Study links glyburide to more infant intensive care and respiratory distress
WebMD News from HealthDay
By Steven Reinberg
MONDAY, March 30, 2015 (HealthDay News) -- When used to treat diabetes that develops during pregnancy (gestational diabetes), the drug glyburide has been linked to a number of complications in the baby, according to a new study.
In fact, infants born to mothers given glyburide (DiaBeta) during pregnancy had a higher risk of respiratory distress, needing intensive care, having low blood sugar, being too large at birth, and birth injury when compared to babies born to mothers treated with insulin.
There has been widespread and rapid uptake in the use of glyburide in mothers with gestational diabetes in the last 10 years, according to the report.
"Doctors and patients need to be aware that although glyburide is easier to use than insulin, not all women may be good candidates for management with this medication," said lead researcher Michele Jonsson Funk, an assistant professor of epidemiology at the University of North Carolina at Chapel Hill. "We need to better understand which women can be treated effectively with glyburide, considering not only the short-term but also the long-term effects that these treatments may have on the health of their newborns," she said.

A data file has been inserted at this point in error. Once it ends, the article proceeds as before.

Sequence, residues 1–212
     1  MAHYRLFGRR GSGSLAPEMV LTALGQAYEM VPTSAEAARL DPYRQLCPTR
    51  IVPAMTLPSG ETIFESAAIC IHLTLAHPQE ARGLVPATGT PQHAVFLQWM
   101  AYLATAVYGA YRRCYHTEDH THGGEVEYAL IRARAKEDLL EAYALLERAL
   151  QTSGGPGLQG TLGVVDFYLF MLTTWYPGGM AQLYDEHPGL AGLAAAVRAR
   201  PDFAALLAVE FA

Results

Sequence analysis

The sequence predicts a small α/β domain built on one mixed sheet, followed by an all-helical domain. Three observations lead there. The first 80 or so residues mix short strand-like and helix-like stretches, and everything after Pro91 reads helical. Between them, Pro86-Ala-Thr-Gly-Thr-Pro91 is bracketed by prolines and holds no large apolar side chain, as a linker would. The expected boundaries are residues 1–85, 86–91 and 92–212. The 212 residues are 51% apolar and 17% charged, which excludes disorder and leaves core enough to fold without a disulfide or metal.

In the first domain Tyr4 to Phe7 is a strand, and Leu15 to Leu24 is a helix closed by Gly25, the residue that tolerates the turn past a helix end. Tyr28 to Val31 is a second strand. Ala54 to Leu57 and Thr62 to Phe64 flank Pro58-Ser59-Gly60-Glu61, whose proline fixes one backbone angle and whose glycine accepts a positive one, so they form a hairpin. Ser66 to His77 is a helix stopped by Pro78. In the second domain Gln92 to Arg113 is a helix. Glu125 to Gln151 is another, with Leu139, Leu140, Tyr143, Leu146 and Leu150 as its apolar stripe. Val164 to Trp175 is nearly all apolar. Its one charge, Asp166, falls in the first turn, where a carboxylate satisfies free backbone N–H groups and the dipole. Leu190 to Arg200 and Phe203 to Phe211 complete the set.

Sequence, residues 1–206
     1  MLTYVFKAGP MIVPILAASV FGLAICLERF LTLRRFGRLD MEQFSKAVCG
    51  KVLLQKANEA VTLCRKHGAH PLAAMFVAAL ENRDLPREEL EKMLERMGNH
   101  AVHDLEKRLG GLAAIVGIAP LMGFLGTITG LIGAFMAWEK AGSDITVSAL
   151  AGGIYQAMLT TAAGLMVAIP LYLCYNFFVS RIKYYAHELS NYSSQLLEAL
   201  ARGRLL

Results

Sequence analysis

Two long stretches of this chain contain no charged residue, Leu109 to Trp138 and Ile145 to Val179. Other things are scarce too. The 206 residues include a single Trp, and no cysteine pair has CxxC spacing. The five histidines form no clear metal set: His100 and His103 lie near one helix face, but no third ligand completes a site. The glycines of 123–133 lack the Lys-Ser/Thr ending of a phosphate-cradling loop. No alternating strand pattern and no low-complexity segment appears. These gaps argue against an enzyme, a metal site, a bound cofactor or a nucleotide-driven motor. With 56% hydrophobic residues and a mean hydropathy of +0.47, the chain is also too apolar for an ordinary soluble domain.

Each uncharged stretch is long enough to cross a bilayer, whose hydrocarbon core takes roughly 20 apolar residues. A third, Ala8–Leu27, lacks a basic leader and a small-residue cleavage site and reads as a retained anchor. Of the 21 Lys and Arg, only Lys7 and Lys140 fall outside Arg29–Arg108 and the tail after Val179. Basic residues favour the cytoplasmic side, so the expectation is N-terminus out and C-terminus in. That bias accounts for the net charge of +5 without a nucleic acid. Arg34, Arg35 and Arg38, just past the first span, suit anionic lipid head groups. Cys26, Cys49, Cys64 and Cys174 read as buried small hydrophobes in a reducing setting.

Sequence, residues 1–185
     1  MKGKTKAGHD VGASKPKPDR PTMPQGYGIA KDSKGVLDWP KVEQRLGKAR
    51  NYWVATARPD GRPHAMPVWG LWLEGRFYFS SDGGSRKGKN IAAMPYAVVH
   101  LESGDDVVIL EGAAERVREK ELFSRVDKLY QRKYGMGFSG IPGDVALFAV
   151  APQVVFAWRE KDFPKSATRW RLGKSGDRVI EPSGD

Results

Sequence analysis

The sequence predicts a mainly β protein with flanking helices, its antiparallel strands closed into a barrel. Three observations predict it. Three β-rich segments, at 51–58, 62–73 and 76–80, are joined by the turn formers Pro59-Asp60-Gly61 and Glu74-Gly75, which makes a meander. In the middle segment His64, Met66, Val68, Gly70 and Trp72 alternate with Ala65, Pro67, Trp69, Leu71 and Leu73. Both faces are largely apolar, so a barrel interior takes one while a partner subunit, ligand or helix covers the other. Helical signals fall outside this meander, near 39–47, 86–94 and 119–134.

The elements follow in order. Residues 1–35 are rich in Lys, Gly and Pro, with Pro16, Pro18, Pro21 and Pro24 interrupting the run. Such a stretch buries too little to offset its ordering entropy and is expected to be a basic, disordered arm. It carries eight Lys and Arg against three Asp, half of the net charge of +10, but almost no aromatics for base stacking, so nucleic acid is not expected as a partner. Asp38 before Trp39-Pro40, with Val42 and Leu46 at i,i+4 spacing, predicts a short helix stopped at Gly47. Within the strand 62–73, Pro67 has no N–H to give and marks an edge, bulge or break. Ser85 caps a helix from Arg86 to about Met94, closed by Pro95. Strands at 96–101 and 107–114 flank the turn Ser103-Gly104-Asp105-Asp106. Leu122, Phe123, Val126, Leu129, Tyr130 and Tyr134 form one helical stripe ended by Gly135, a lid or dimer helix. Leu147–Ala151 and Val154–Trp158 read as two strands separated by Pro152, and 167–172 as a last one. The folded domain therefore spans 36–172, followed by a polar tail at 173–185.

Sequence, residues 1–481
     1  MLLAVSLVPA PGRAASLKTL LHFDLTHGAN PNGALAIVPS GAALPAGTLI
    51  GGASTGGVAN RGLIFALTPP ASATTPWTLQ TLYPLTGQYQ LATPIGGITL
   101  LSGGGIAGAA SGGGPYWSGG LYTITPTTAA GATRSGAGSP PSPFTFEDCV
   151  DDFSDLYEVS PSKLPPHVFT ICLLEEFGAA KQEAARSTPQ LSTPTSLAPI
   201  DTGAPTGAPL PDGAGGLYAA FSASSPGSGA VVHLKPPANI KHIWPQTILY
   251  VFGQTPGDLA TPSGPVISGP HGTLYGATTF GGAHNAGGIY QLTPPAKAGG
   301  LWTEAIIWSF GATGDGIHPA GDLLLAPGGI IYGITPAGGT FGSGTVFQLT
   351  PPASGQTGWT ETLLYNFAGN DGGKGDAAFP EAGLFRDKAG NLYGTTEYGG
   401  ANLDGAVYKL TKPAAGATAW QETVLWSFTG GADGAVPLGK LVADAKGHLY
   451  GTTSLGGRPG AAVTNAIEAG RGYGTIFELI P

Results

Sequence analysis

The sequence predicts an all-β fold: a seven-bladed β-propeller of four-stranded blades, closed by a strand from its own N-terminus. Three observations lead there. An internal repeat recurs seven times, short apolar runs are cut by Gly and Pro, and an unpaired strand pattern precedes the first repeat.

It's important to note, however, that while this study found an association between the use of glyburide and an increased risk of complications, the study wasn't designed to show a cause-and-effect relationship.
And Funk added that exactly why the drug is linked with these complications isn't clear.
But these findings are especially concerning since, according to Funk, the number of women who develop gestational diabetes in the United States has more than doubled during the last 20 years.
The report was published March 30 in JAMA Pediatrics.
"Glyburide has been used increasingly in pregnancy over the last 10 years. Although the initial trial data suggested it was safe, large studies including this one have raised concerns about the safety of its use," said Dr. Richard Holt, author of an accompanying editorial in the journal, and a professor of diabetes and endocrinology at the University of Southampton in England.
source : Gestational Diabetes Drug Might Raise Babies' Complication Risk